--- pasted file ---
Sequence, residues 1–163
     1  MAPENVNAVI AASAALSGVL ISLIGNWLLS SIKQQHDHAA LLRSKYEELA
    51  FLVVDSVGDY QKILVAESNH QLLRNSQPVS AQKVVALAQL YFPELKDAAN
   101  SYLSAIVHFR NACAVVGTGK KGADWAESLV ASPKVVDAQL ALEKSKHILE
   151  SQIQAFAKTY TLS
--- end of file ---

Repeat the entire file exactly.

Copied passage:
Sequence, residues 1–163
     1  MAPENVNAVI AASAALSGVL ISLIGNWLLS SIKQQHDHAA LLRSKYEELA
    51  FLVVDSVGDY QKILVAESNH QLLRNSQPVS AQKVVALAQL YFPELKDAAN
   101  SYLSAIVHFR NACAVVGTGK KGADWAESLV ASPKVVDAQL ALEKSKHILE
   151  SQIQAFAKTY TLS